Hardcover crowdfunding launches today at noon EDT

Today at noon, this IndieGoGo campaign will go live.

No, it’s not the project for making Age of Legend (although that project will be launching early next year), but something came up out of the blue and we need to act fast. You see, Del Rey has put the hardcover edition of Age of Swords out of print, and we have a small window to do something about it.

I discovered the out-of-print status when I tried to order copies to replenish our online store, and I wasn’t able to get any. After a little digging, I found that the only way to get copies were through Amazon Marketplace resellers and they had jacked up the prices to $89 – $191 for both new and used copies. That’s an outrage!

To make matters worse, I won’t earn a dime from any sales of the hardcovers from here on out. But, honestly, that doesn’t upset me as much as the fact that people will either have to “do without” or pay outrageous prices to have hardcovers on their bookshelves.

So, here’s the deal, Robin found out how much it would cost for us to buy up the remaining copies, send them to a warehouse, and hire a logistics company to ship them out. It’s not cheap, but it is doable if we can raise $11,360. 

So, we’re doing what we’ve done in the past…turn to crowdfunding. We started out by making a Kickstarter project, but as it turns out, you can’t use that platform for an existing product. So this campaign will be run on IndieGoGo.  It’s pretty straightforward; you’ll be able to get signed hardcovers and bonus perks like a short story, screensavers, and public acknowledgment for helping to make this project successful. You’ll be able to receive one, two, or all three of the hardcovers that are currently released in the Legends of the First Empire series, and because we’ll be getting the books cheaper than we normally do,  we’ll pass some savings on to you and give 20% off the list price.  (I’m essentially extending the “early-bird” discount that I’ve used in the past to apply to everyone.)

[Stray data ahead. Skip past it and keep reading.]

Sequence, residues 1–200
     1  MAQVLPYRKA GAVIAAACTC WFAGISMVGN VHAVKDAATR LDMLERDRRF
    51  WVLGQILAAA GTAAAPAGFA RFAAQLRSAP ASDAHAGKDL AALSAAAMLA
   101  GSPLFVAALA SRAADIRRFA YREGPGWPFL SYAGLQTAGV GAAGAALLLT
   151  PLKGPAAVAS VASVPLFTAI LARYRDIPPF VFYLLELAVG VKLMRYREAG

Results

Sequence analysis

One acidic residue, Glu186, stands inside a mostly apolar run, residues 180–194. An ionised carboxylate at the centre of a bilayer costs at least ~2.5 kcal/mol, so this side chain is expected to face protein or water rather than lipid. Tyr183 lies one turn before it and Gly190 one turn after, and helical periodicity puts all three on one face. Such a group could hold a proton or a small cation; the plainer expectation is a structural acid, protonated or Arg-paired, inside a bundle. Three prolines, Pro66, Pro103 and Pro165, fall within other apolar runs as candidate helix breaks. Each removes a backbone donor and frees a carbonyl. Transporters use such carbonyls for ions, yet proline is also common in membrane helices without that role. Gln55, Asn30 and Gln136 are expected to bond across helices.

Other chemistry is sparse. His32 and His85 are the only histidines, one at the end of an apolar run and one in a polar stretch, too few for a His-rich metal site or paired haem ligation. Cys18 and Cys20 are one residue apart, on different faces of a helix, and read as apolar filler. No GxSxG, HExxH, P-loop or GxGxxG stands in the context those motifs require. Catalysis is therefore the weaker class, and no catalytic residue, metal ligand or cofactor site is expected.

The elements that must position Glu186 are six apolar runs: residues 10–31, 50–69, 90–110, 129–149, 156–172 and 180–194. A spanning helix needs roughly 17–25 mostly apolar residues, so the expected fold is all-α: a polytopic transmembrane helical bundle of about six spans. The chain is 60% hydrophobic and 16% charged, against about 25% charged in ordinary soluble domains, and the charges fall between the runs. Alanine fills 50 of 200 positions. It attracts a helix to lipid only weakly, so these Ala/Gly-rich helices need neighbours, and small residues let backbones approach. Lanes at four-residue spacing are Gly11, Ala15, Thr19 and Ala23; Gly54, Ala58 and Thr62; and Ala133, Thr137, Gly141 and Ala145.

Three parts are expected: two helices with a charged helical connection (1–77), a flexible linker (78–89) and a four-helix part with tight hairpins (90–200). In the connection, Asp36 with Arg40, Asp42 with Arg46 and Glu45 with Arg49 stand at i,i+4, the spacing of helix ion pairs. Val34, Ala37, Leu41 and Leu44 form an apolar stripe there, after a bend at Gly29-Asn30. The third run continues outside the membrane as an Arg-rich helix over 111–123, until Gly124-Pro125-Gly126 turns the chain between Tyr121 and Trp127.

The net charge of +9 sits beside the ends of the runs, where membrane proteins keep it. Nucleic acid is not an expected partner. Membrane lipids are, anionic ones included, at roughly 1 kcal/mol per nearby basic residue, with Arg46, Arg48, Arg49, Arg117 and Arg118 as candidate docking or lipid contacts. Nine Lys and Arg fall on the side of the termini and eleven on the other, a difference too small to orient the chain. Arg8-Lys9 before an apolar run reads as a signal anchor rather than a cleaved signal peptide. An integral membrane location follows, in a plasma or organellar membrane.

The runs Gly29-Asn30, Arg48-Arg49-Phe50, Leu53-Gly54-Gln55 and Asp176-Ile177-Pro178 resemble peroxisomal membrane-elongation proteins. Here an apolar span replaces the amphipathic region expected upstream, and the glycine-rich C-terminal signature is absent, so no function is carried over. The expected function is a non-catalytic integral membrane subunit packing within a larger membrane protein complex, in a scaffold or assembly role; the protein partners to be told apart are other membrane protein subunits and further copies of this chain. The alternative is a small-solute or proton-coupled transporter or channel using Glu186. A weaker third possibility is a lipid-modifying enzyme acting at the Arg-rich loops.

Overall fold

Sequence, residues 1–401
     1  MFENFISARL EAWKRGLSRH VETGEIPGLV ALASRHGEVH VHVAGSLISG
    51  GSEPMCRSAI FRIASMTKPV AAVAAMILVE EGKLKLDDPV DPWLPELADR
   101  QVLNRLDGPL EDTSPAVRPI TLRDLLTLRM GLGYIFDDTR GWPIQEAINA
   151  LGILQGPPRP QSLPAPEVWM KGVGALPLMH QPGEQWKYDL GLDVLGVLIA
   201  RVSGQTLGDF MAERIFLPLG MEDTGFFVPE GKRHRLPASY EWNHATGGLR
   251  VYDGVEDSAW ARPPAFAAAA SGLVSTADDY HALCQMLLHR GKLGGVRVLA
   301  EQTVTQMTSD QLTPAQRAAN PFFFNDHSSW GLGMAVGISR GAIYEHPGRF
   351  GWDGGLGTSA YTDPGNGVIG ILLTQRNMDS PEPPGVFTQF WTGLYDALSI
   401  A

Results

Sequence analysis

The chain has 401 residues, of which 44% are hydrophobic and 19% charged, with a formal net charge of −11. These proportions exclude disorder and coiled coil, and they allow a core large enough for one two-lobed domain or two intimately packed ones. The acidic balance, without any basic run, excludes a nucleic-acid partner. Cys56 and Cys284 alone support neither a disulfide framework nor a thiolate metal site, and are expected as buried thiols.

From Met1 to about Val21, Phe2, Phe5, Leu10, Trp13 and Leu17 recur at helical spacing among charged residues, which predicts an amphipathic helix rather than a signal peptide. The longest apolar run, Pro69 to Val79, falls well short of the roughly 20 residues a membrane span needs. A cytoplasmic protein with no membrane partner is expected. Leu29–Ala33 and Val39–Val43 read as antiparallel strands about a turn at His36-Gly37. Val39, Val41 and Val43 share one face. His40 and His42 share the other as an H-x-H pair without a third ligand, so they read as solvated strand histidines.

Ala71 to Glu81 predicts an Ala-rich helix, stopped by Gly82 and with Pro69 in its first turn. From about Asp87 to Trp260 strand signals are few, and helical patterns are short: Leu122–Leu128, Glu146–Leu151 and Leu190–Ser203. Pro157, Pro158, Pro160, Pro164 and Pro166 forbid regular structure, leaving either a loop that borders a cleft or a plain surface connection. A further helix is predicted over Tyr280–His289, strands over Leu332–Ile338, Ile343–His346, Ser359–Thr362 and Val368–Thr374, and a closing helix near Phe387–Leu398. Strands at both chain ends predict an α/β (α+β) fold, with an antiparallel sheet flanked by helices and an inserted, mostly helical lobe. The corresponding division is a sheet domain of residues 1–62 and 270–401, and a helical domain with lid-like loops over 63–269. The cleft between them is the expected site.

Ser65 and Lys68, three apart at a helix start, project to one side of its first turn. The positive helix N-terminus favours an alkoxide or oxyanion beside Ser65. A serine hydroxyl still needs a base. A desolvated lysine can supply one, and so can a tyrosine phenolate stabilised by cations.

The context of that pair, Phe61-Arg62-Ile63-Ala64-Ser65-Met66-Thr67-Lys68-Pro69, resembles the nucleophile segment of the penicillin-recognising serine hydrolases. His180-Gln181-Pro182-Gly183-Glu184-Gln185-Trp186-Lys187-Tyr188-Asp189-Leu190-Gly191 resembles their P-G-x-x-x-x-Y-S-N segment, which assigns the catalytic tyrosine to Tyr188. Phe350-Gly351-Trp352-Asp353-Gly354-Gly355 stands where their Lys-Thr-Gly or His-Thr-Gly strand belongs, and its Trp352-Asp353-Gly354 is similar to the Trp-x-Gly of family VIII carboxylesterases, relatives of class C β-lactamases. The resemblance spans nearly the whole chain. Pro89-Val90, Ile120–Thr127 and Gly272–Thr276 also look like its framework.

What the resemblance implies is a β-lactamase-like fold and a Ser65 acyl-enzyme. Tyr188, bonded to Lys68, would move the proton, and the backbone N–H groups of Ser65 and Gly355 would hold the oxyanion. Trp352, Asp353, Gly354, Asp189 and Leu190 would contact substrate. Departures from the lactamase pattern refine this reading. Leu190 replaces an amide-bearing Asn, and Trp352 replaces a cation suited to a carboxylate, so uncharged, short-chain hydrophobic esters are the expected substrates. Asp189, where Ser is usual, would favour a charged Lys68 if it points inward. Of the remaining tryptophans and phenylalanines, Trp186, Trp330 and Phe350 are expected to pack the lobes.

So, if you haven’t picked up hardcovers yet (or are looking for a gift for a friend or relative…Christmas and Hanukkah will be here before we know it), now would be a great time to get copies. And we’ll also keep these books out of the reseller channel, and without the ability to buy new stock, they won’t be able to rip off more people with their price-gouging techniques.

Oh, another thing I should mention…there is a limited number of special perks which will be for a one-night stay with Robin and I in our cabin in Luray (maybe you saw a bit about it in our recent post).

Okay last thing, unlike Kickstarters, we get funding from IndieGoGo even if we don’t hit our goal, so we’ll be able to buy a subset of books if necessary, which means you will get your copies no matter what funding level we reach. But buying a fraction of the remaining stock will mean that the resellers will be able to get more, and I’d hate to facilitate their bad behavior.

Anyway, check out the campaign starting at noon, and if you like what you see, please consider backing the project.


Age of War hits Goodread’s Best Fantasy 2018 List

It’s Science Fiction and Fantasy Week at Goodreads, and there is a lot going on for fans of the genre. I’m honored that Age of War has made their Best-Fantasy-of-2018 (so far) list. Here’s all 12 titles: